The Beauty That Still Remains

A few days ago my husband's suggestion of a drive in the car to the lake had a ring of normalcy about it at a time when I'm not sure how to define "normal" anymore. His invitation felt like an echo of my pre-pandemic life - an everyday drive to a place where we have walked dozens of times. I settled back into the leather seat with the strange realization that it had been days since I'd travelled anywhere in a car.  The sun's rays cast long shadows as we drove a few miles north. My husband and I talked, our conversation spinning around the mundane events of the day, neither of us wanting to talk about the global crisis that loomed in the periphery of our thoughts with a threatening presence. We were both emotionally tired, hungry for a different vista, and looking for a change of perspective. 

Arriving at Lake MacIntosh, I noticed it was unusually quiet. There was a serenity that seemed to hang in the air despite the fact that fellow human beings wore protective face masks and skirted around each other in wide berths. It was a strange dichotomy. The water surface was almost perfectly still, mirror-like, as it reflected the light patterns in the sky. A single duck cast a wake behind her, as she moved south across the lake, leaving a golden trail. It was a wonder how peaceful nature seemed in the midst of human distress.  

The glow behind the mountains seemed to draw us as we wandered along the lake-side. Being surrounded by daily news of sickness and struggle made me long to get enveloped into the goodness of what I could see, and be held by it - by the golden glow, the mirrored lake, the warm breath of air and the fading evensong of birds.  It was calling me.  I could choose to ignore it and get caught up in the difficulties and struggles of today's world, or I could surrender to the present moment and see the gift before me. 

Faced with this decision, I knew, as always, that choosing would become my battle. My mind would be the arena where fear would try to uproot goodness, and plant itself, trying to bear its ugly fruit.
I think that is why I longed, in that moment, to be caught up in the beauty I was beholding. C.S. Lewis wrote, “We do not want merely to see beauty, though, God knows, even that is bounty enough. We want something else which can hardly be put into words — to be united with the beauty we see, to pass into it, to receive it into ourselves, to bathe in it, to become part of it.”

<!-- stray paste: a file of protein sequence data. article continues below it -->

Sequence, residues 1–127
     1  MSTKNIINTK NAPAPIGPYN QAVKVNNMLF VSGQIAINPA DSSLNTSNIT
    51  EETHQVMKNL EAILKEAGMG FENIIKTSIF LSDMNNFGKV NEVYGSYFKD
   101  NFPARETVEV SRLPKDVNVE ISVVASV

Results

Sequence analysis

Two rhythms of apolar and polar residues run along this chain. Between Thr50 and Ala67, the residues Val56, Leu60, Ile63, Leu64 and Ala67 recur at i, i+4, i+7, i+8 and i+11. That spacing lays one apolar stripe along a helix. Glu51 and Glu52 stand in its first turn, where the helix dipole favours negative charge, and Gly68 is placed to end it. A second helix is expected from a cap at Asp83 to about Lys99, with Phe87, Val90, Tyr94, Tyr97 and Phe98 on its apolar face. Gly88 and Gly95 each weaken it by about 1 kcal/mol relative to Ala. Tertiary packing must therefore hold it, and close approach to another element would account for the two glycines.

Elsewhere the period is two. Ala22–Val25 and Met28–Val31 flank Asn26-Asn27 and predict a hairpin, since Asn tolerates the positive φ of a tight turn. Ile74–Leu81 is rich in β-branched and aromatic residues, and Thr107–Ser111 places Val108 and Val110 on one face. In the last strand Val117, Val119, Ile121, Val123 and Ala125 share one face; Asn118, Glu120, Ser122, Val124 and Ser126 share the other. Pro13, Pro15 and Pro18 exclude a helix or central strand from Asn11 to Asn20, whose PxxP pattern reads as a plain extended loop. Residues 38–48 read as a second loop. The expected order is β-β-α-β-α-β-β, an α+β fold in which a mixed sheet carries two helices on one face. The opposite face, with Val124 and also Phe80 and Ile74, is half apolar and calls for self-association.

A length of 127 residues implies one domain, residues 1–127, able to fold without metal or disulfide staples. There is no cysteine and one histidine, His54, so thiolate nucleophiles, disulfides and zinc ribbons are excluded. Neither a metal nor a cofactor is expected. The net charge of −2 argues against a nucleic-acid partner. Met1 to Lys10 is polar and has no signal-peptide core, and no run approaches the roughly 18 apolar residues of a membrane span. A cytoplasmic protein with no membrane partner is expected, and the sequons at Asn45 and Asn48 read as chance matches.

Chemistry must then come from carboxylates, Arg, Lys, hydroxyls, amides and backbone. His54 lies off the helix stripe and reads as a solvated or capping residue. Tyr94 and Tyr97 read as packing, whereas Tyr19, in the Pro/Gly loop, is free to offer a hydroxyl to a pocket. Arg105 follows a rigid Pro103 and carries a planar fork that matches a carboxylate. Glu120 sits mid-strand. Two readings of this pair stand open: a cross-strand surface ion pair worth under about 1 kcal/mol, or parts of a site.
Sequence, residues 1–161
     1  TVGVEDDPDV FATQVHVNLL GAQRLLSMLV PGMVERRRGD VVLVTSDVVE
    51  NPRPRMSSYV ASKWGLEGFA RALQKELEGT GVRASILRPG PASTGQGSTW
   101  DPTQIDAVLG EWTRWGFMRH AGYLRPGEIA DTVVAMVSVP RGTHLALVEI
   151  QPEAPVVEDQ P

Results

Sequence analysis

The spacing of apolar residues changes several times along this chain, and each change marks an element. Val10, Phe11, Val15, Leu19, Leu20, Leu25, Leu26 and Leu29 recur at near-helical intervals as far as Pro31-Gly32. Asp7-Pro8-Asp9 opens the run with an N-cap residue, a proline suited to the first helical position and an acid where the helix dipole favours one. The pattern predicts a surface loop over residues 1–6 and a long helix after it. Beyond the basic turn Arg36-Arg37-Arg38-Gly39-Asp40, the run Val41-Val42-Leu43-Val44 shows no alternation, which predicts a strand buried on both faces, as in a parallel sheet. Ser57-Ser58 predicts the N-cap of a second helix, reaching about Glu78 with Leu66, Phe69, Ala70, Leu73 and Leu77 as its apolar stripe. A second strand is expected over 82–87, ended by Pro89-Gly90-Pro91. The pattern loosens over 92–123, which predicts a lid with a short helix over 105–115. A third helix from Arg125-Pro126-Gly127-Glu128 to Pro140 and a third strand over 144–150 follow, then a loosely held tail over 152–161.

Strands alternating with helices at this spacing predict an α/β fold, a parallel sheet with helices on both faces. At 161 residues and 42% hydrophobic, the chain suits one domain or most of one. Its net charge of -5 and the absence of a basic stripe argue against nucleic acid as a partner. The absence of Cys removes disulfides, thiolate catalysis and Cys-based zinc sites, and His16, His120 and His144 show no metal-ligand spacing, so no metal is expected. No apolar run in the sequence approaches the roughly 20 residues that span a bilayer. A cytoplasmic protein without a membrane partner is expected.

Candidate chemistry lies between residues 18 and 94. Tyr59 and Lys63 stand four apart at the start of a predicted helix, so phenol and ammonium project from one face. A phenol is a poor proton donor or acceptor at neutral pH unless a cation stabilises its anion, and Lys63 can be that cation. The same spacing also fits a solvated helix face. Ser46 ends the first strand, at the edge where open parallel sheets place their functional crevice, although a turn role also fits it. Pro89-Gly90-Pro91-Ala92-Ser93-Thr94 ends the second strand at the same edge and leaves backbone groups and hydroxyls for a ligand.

Perhaps we all dream of diving into a world of beauty that is not miserable, plagued, or poor. Beauty feels rich and whole, Lewis describes it as a bounty, and maybe if we become so familiarly acquainted with it we feel that bounty on the inside like a life-pulse bringing hope. I saw the light reflected so perfectly on the shining surface of the lake, like the water knew how to live in unity with beauty in a way that I longed to.

Time passed and the light started to fade. I wondered if the roots of goodness had been driven just a little bit deeper into my heart, winning the battle one more time. After all, beauty-seeking is a journey comprised of countless decisions to delight in beauty and goodness in the face of our fears. Knowing that the pandemic still raged and I would soon be returning to our home to shut the door again on the outside world, I remembered the words of a young Jewish girl who hid in a tiny house for years in fear of her life.  She wrote, "I don't think of all the misery but of the beauty that still remains." (The Diary of Anne Frank). 


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